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City Council Postpones Vote On Lightfoot’s Overhaul Of Weed Rules

City Council will now vote on Lightfoot's push to allow weed shops in much of Downtown at the next City Council meeting, which is set for Monday.


CHICAGO — Pot shops could soon be allowed in much of Downtown, but a vote on Mayor Lori Lightfoot’s overhaul of the city’s cannabis zoning rules was delayed Tuesday at City Council until next week.

Lightfoot introduced the ordinance in July in an effort to reduce the cost and time to open a pot shop and other cannabis businesses in the city to lure the next round of dispensary license owners to Chicago and avoid losing them to the suburbs.

The current rules saw the city lose out on businesses and tax revenue during the first round of dispensary licensing, said Will Shih, a cannabis advisor to Lightfoot. More than 100 companies hold a provisional dispensary license to open in Chicago, but their license allows them to set up shop in the suburbs instead.

For the first time, the new round of license holders will include companies majority-owned by Black and Brown entrepreneurs. Those budding companies may have less access to capital than the many large multi-state operators that currently operate in the city, Shih said.

But a vote on the ordinance was blocked on Tuesday by two frequent Lightfoot critics, Ald. Raymond Lopez (15th) and Ald. Anthony Beale (9th), who used a procedural maneuver to delay a vote until the next meeting of the City Council.

During a Zoning Committee meeting last week, Lopez and Beale said the city should wait to loosen up its cannabis rules until state legislators take another stab at ensuring more minority-owned companies can enter the industry.

City Council will now take up the proposal on Monday, when Lightfoot will also present her 2022 budget to aldermen in a planned speech. 

The pot ordinance to be presented for a vote is a tweaked version of Lightfoot’s original proposal. The amended version aims to significantly reduce the number of buildings eligible to be built out as a pot shop without a zoning change. The original ordinance was slimmed down at the request of aldermen, who sought to maintain control over the process to open dispensaries along business corridors in their wards.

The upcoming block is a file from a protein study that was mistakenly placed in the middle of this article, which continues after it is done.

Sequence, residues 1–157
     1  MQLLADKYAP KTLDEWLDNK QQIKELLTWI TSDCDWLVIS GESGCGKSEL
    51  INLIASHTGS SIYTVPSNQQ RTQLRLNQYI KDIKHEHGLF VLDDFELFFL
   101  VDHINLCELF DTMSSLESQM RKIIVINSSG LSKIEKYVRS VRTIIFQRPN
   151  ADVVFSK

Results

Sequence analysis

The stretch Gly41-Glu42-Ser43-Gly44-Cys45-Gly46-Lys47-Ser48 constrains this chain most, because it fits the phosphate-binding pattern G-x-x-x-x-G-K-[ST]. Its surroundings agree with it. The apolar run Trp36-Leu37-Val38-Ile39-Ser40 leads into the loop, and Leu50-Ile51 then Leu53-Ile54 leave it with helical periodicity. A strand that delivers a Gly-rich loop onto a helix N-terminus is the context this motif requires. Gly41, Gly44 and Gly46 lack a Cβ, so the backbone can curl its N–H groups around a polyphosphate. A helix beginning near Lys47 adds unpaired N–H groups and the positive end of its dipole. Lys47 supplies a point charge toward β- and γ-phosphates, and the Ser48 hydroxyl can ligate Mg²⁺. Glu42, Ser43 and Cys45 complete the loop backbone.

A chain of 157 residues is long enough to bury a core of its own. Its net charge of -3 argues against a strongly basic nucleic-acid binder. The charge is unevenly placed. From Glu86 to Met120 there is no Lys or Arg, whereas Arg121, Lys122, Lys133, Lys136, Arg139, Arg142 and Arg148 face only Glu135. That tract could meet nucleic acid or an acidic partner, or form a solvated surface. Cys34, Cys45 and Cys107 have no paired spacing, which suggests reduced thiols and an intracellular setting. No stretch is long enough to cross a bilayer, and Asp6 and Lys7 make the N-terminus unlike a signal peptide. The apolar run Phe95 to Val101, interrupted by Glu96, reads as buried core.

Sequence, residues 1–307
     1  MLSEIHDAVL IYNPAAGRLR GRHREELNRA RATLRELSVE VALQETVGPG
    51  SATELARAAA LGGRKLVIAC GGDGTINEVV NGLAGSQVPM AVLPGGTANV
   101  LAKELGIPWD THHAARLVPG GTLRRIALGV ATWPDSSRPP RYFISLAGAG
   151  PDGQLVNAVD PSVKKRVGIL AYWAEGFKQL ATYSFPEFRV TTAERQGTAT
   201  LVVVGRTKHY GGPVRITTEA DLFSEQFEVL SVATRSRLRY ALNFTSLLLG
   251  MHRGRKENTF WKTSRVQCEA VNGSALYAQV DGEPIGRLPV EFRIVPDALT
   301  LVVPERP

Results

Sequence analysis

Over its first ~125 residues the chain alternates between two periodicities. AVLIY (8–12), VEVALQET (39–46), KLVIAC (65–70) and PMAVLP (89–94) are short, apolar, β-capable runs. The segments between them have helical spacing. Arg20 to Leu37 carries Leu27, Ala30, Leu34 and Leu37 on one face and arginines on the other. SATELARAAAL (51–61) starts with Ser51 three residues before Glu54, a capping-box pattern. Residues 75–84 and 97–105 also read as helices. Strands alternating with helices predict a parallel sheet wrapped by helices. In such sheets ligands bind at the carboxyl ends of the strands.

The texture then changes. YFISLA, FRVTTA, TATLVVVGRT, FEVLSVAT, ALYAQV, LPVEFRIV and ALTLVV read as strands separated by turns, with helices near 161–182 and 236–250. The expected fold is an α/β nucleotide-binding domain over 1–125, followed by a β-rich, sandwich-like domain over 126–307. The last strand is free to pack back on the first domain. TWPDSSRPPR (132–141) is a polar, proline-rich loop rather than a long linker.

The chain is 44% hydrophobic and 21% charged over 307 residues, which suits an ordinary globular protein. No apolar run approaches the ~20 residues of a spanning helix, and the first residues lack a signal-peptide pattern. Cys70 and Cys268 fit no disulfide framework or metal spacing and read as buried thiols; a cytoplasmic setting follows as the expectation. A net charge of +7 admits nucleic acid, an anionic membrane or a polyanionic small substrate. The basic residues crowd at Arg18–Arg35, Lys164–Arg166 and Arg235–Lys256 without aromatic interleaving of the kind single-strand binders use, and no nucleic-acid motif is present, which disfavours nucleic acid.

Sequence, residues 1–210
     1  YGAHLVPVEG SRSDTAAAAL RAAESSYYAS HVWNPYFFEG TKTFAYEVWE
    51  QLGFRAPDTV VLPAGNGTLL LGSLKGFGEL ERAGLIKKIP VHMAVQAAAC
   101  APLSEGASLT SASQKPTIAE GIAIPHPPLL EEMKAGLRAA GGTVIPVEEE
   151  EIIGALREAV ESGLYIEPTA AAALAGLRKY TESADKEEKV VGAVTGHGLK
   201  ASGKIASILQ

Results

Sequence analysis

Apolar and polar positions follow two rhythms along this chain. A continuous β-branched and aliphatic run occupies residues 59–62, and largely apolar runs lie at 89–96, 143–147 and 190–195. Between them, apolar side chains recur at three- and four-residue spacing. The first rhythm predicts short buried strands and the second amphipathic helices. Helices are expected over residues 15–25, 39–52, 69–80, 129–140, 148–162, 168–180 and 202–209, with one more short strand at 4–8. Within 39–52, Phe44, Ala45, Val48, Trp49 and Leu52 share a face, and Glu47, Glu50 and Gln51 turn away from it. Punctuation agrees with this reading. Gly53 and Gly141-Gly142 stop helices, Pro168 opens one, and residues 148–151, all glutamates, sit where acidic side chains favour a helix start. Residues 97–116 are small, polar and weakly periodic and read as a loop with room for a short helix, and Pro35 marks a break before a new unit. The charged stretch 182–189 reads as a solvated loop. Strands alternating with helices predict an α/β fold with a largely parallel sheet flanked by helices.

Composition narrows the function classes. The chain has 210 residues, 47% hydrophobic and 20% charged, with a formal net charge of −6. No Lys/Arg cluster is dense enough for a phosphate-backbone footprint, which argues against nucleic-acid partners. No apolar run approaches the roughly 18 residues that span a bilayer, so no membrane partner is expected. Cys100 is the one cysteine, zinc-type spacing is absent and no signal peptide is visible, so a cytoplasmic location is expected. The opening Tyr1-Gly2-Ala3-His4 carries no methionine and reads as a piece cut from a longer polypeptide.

The downtown exclusion zone is also set to be reduced to a sliver of its current size. Under new rules, only Michigan Avenue from Division Street to 16th Street and Grand Avenue between State Street and Navy Pier would be excluded.  

The ordinance changes the city’s zoning rules to allow dispensaries and other weed companies into buildings zoned as C1, typically found in neighborhood business districts. Because pot shops would be allowed in the Loop for the first time, dispensaries will also be permitted in large buildings zoned as DS-downtown district.

Lightfoot’s original ordinance also allowed cannabis companies into buildings zoned as B3, which would have expanded the total number of buildings eligible to host pot shops through the new rules to a staggering 21,000. 

Craft weed grow facilities will be allowed in two manufacturing districts, M2 and M3, that they are currently prohibited from without a zoning change. 

The new rules also get rid of the city’s current seven cannabis districts that governed where, and how many, pot shops could open across the city, giving license holders access to the entire city. 

Cannabis companies will still need to obtain a special-use permit from the city’s Zoning Board of Appeals before obtaining a final state license.

After the measure was advanced out of the Zoning Committee last week in a 13-4 vote, the Cannabis Equity Coalition said in a statement it would continue to push for B3-zoned buildings to be eligible for dispensaries “as a means to reduce barriers for social equity applicants,” but the group support the ordinance. 

“Expanding zoning to include B3 buildings will eliminate barriers such as re-zoning, which will cost applicants thousands of dollars and months of time,” the statement said. 

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